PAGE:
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Pain Research and Management
Volume 19 (2014), Issue 2, Pages 93-96
Original Article

Reliability of Subjective Pain Ratings and Nociceptive Flexion Reflex Responses as Measures of Conditioned Pain Modulation

Carlo Jurth,1 Benno Rehberg,2 and Falk von Dincklage1

1Charité – Universitätsmedizin Berlin, Klinik für Anästhesiologie mit Schwerpunkt operative Intensivmedizin, Campus Charité Mitte und Campus Virchow-Klinikum, Berlin, Germany
2Hôpitaux Universitaires de Genève, Département d’Anesthésiologie, Pharmacologie et Soins Intensifs, Geneva, Switzerland

Copyright © 2014 Hindawi Publishing Corporation. This is an open access article distributed under the Creative Commons Attribution License, which permits unrestricted use, distribution, and reproduction in any medium, provided the original work is properly cited.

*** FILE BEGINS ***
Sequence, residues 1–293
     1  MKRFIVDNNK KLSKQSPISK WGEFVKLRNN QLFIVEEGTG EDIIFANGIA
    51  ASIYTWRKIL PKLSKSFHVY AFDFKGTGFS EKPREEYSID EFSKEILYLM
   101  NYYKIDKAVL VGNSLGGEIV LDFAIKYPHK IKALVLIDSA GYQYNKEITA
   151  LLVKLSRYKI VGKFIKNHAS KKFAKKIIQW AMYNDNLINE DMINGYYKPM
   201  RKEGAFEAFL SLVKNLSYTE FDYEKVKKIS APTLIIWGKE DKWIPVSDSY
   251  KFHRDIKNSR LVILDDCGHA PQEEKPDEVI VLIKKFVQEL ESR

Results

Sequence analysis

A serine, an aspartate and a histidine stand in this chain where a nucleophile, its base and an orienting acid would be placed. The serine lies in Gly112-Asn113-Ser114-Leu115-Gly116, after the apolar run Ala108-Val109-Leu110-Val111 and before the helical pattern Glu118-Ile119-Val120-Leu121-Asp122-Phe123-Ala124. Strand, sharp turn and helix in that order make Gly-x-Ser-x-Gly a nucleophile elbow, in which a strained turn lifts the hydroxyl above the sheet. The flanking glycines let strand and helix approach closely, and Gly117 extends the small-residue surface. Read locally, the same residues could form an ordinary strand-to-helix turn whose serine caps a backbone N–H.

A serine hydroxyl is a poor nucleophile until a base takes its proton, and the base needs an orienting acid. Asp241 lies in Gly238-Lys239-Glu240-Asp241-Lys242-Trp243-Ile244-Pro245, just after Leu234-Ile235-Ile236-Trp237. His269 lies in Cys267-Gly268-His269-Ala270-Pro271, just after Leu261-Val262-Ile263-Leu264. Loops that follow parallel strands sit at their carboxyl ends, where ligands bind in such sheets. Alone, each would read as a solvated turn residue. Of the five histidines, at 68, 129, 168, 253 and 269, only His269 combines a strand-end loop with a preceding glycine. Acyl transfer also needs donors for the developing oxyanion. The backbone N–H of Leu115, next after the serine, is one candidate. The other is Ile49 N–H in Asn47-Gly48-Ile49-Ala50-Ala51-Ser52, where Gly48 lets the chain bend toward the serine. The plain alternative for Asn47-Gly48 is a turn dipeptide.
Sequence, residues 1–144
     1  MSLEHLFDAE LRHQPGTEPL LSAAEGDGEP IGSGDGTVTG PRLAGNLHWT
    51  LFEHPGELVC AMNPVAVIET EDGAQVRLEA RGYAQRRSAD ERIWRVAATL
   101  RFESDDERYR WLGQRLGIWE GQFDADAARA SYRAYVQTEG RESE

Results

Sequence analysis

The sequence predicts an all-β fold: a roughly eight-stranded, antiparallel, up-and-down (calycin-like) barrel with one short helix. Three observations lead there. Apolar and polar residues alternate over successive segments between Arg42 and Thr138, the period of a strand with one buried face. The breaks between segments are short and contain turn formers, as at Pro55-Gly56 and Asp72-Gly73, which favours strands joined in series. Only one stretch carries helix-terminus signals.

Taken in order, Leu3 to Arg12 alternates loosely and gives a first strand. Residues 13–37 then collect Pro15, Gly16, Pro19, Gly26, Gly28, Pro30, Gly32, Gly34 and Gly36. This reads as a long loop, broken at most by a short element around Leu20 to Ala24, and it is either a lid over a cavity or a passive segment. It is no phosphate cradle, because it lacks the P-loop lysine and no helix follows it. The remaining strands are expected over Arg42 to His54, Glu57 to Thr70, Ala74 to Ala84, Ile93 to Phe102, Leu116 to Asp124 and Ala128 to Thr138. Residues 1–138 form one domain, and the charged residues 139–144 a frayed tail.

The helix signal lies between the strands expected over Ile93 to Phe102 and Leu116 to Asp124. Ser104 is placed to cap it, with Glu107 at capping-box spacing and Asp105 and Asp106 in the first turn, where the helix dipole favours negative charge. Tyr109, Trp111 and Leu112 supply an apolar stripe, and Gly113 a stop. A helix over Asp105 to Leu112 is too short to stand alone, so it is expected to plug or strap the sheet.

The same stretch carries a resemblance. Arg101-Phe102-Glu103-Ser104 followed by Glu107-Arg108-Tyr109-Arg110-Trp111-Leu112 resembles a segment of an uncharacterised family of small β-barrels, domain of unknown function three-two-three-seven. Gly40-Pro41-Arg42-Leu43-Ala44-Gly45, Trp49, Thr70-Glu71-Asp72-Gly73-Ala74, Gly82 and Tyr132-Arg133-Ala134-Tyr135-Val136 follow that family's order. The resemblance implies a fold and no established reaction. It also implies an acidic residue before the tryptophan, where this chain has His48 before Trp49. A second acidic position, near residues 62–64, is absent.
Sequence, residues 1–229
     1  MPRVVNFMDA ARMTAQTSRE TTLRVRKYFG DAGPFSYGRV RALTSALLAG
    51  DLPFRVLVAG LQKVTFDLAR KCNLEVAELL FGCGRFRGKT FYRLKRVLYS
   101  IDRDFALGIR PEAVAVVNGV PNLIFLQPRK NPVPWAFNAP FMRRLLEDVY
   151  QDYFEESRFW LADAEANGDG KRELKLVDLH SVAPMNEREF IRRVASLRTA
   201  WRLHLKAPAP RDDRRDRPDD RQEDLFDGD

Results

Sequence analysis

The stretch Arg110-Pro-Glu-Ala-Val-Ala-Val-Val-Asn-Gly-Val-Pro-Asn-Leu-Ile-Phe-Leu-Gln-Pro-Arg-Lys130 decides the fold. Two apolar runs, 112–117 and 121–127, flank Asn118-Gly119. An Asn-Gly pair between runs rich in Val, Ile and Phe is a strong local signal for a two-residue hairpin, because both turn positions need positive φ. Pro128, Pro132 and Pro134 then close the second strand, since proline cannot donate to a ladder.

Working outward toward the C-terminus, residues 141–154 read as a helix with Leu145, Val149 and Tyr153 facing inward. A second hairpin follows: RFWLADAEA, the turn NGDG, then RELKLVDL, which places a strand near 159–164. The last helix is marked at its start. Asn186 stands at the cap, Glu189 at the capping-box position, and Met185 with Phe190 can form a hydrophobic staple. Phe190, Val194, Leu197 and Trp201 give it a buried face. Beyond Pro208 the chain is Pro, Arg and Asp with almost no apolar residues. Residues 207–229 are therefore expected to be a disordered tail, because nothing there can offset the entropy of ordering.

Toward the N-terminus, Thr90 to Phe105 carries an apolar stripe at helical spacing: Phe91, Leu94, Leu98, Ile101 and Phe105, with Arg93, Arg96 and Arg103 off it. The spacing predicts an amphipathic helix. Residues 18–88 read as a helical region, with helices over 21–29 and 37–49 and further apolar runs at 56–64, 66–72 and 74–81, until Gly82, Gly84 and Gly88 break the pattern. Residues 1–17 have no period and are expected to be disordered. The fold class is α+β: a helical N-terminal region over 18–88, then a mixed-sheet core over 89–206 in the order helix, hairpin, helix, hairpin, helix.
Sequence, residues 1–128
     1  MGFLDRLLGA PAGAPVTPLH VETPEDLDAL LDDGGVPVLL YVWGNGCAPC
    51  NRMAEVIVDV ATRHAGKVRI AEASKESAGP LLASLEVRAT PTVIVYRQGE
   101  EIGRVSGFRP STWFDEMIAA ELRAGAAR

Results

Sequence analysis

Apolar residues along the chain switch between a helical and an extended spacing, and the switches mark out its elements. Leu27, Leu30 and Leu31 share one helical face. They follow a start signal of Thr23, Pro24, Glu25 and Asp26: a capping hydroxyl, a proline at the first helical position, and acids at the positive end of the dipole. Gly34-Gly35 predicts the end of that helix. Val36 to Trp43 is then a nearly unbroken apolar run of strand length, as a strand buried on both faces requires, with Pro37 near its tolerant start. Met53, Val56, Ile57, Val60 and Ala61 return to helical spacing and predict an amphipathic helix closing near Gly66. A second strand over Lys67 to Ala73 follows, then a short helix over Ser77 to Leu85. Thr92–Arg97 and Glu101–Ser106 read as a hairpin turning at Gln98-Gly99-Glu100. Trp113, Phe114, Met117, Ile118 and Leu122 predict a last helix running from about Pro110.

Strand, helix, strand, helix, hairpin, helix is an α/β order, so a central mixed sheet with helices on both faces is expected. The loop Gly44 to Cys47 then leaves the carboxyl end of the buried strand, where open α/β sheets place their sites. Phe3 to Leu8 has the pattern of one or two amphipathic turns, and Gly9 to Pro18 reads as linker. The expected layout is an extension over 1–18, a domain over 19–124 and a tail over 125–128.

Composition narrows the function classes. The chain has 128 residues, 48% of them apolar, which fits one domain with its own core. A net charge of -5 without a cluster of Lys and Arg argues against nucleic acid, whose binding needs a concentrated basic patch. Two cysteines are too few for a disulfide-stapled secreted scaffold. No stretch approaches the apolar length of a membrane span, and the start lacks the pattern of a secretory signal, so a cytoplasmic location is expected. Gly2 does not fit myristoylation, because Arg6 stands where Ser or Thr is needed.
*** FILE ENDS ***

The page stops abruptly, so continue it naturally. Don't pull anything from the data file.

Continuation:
BACKGROUND: The endogenous modulation of pain can be assessed through conditioned pain modulation (CPM), which can be quantified using subjective pain ratings or nociceptive flexion reflexes. However, to date, the test-retest reliability has only been investigated for subjective pain ratings.

OBJECTIVE: To compare the test-retest reliability of CPM-induced changes, measured using subjective pain ratings and nociceptive flexion reflexes, to provide a reliable scoring parameter for future studies.

METHOD: A total of 40 healthy volunteers each received painful electrical stimuli to the sural nerve to elicit nociceptive flexion reflexes. Reflex sizes and subjective pain ratings were recorded before and during the immersion of the contralateral hand in hot water to induce CPM as well as innocuous water as control. Measurements were repeated in a retest 28 days later.

RESULTS: Intraclass correlation coefficients showed good test-retest reliabilities of CPM during the hot water stimulus for both scoring parameters. Subjective pain ratings also correlated between test and retest during the control stimulus.

CONCLUSIONS: Subjective pain ratings and nociceptive flexion reflexes show comparable test-retest reliabilities, but they reflect different components of CPM. While subjective pain ratings appear to incorporate cognitive influences to a larger degree, reflex responses appear to reflect spinal nociception more purely.